Some garden plants require intense diligence and extensive resources to coax out a single flower or handful of berries. Other species, however, are determined producers, bearing bushel after bushel of fresh, sun-ripened, bounty.
Want to get the most “bang” for your gardening efforts? Lets look at some of nature’s top producers. Learn why these “bunny rabbits” of the vegetable world ought to be included in your home garden.
Nothing screams summer quite like a tomato plant covered in bright red fruit. It’s no wonder these plants require caging or other support. Did you know, a 10-foot row of tomato plants on average yields 15 pounds of tomatoes a season? And even more amazing, by taking special care to pick varieties appropriate to your growing conditions, properly amending the soil, and providing adequate support, it’s possible for a single plant to produce that much (or more!) on its own. Even taking into consideration the inherent challenges of growing tomatoes, it’s well worth the effort to include these high yield vegetables in your garden plot.
2. Summer squash
There’s a reason August 8 is National Sneak Some Zucchini Into Your Neighbor’s Porch Day. Even if you’ve only planted a few of these prolific plants, you’re likely to be swimming in squash by the end of the season!
Set aside a 10×10 plot specifically for zucchini and you will literally find yourself surrounded by more than a hundred pounds of deliciousness. To keep plants producing, pick zucchini while they’re relatively small — the size of a large cucumber or so. Not only does smaller summer squash taste better than their ginormous counterparts, but the frequent picking will stimulate additional growth.
3. Winter squash
Not to be outdone by their warm-weather counterparts, winter squash are another family of plants sure to give you high yields. Like summer squash, a dedicated plot of winter squash can easily produce a hundred pounds of fruit over a season. And with so many varieties to choose from, you’ll definitely want to set aside a space for them! Whether it’s pumpkins for home-grown Jack-o-lanterns and pie, vitamin rich butternut squash, or fun-to-eat spaghetti squash, there’s sure to be a variety for every taste. And, unlike many vegetables which must be carefully preserved in order to enjoy long term, a high yield of winter squash isn’t likely to be a problem — most winter squash will keep well into the winter months if stored in a cool, dry location.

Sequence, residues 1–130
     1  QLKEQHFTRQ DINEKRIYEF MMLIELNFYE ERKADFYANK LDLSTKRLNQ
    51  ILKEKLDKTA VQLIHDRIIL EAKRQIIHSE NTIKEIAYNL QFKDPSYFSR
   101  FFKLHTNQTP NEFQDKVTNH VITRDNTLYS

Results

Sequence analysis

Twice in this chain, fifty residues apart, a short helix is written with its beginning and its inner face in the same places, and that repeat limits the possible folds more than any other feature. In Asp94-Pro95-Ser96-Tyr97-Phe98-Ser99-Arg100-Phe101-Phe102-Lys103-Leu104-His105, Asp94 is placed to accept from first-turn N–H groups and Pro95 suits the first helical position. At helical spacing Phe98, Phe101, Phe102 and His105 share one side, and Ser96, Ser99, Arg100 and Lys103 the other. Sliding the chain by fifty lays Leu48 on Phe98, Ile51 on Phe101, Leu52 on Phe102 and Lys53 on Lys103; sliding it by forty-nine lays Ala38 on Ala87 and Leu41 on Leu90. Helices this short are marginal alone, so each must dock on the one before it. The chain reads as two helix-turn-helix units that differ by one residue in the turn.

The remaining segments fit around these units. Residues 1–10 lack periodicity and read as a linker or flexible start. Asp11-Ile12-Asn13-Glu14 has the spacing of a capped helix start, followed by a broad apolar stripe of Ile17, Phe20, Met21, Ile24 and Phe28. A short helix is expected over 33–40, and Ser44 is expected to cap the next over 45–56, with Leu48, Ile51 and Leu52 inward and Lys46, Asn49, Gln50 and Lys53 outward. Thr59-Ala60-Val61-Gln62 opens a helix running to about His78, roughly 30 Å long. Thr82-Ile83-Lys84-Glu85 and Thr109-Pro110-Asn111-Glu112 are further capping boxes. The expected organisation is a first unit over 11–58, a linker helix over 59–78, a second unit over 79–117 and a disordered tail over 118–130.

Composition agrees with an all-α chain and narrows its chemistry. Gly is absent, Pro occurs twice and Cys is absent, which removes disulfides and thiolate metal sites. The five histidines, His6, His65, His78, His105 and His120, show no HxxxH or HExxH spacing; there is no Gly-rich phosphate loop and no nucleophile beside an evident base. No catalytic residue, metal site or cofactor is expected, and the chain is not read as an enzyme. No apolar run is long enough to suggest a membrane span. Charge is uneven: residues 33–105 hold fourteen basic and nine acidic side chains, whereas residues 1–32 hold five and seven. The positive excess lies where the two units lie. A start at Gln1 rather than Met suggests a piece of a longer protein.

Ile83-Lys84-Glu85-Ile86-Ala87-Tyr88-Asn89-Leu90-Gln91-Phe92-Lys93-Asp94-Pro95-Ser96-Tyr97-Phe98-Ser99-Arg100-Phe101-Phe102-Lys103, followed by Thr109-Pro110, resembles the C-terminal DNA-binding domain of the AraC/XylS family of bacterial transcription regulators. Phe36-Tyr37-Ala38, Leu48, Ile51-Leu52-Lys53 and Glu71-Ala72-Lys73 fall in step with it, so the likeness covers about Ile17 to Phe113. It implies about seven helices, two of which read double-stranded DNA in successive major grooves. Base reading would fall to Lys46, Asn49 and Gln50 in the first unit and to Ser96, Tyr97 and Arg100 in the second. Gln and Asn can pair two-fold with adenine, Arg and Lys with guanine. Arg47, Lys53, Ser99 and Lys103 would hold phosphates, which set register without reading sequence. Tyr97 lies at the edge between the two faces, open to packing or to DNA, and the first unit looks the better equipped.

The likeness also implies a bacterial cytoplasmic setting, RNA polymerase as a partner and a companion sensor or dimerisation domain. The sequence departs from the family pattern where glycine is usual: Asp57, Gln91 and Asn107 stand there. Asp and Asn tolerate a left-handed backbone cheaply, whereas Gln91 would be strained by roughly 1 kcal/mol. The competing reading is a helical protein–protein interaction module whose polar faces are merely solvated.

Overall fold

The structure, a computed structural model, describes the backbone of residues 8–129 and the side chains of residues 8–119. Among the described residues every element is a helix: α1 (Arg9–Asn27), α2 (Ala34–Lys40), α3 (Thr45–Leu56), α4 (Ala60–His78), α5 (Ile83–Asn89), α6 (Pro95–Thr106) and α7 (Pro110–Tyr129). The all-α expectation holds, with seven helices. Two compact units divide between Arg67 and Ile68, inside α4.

Cucumbers are easy to plant from seed directly in the garden. Therefore, if you can keep the cucumber beetles at bay, you’ll soon find yourself surrounded by piles of pickle-worthy produce. You can expect roughly 12 pounds per 10-foot row or 120 pounds per 100 square-foot plot. Want to extend your harvest? Consider staggering seed-starting dates, adding a few plants each week for a rolling harvest that lets you enjoy fresh cucumbers throughout the season.
Beans are another crop that can easily go gangbusters in a home garden. Not only are individual plants high producers, generally averaging up to 15 pounds per 10-foot row, but because they grow so quickly from seed to harvest it’s possible to rotate through multiple bean plantings in a single season. And while bush beans are notable producers, anyone who knows, well, beans about gardening will tell you that pole beans are where things get particularly impressive. Pole beans are happy to crawl up supports, producing over and over for weeks or even months before petering out.
Finally, any list of high-yield hotshots wouldn’t be complete without a shout-out to rhubarb. A rare perennial vegetable, rhubarb returns season after season, expanding as it grows. Considered low-maintenance and long-lasting, once a rhubarb plant is established it’s one of the easiest ways to guarantee a hefty harvest from the garden.
Few dilemmas in life are as delightful as discovering your garden has grown even more food than you can consume immediately. High-producing vegetable plants are the perfect plan for a harvest that can be shared with friends or preserved to enjoy throughout the year, making them not only a great way to maximize the return on your garden, but also the satisfaction that comes with those efforts.
Which high-yield vegetables would you add to this list? Share your advice in the section below: